NCHS creates new opportunities in Computer Science


Eileen Flynn, Reporter

Due to the nation’s rapid rapidly advancing technology, United States officials predict that over the next ten years jobs in the Information Technology will grow by twenty two percent. Recently, NCHS started preparing it’s students for new job opportunities. Through new NCHS programs, students learn necessary Computer Science skills, that are growing in importance in our everyday lives.

Senior Ian McPeake is a student in the new AP Computer Science class and an active coder outside of school. “I think that knowing basic programming and how computers work is really important,” Ian said. “So many people have computers today, so just being literate in coding and computer science is really important.”

AP Computer Science Principles teacher Rachel Martinich strongly encourages the teaching of some form of computer science to students in every grade. Ms. Martinich believes that coding should be taught just as much as English and science, due to the fact that our nation is falling behind in computer programming.

The nation’s lack of interest in computer science is an extremely pressing issue. “They say that sometime in the next 10 years there will be over a million jobs that aren’t able to be filled because there aren’t enough people majoring in it,” Ms. Martinich said. “So it’s a huge need for our country.”  Ms. Martinich believes that students here at NCHS are lucky enough to have been given the opportunity to explore different forms of computer science, and encourages students to take advantage of this.

Chair of the Career and Technical Education Department, Mr. Zambarano, recognized the growing demand for people in computer science five years ago. Mr. Zambarano has been working with the rest of the faculty to try to develop the most effective and diverse curriculums to offer at NCHS. When meeting with other teachers, they were introduced to the AP Computer Science Principles class that was developed by Ms. Martinich.

Ms. Martinich worked to develop the AP Computer Science Principles curriculum over the course of two years, and was named one of the top 100 computer science teachers in the country by the National Science Foundation. “It just so happened that she was trained in the AP Computer Science Curriculum, but she was very comfortable- she grades the AP exam- so it just really fit that she should take over that curriculum.” Mr. Zambarano said.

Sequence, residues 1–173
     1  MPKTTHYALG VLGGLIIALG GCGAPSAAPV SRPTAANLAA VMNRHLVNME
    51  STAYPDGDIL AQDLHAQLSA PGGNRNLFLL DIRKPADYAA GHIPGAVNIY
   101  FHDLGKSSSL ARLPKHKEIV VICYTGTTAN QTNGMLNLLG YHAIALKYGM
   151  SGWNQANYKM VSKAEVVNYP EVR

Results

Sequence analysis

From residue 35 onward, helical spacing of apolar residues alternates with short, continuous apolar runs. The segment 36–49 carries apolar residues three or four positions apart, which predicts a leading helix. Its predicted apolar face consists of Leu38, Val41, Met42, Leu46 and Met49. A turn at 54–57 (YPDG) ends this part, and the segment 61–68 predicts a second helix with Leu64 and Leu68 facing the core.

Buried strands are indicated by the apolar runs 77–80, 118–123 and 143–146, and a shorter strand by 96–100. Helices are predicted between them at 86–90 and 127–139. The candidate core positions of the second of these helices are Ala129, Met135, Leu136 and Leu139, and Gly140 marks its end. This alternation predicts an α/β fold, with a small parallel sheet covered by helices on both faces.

The curriculum of the class develops computational thinking for the students, and introduces them to computational tools. Ms. Martinich hopes that all students try the class regardless of their past experience levels. “I think the fact that it’s an AP class can intimidate some people but it is really not an intimidating class, it’s meant to be approachable for anyone,” Ms. Martinich said. “It does not matter how much you know about computer science anybody can take this class, so I’m hoping that next year we have even more kids sign up for it.”

Alternative to only the AP Computer Science Principles class, NCHS also offers a course in Web Design and Robotics which are also in the computer science field. Additionally, Seniors Hazel Montano and Kavya Dagli have started “Girls Who Code” club to get girls at NCHS involved in coding.

Eventually, Mr. Zambarano hopes to be able to create a four-year program that students will be able to take starting freshman year, so that by the end of High School, students can be well prepared to take on the growing world of computer science. “Technology is a part of our lives now- it’s not going to go away,” said Hazel, “I feel like everyone should know how to code because it gives you access to the world because you can do so much with coding, and you can really people’s lives.”



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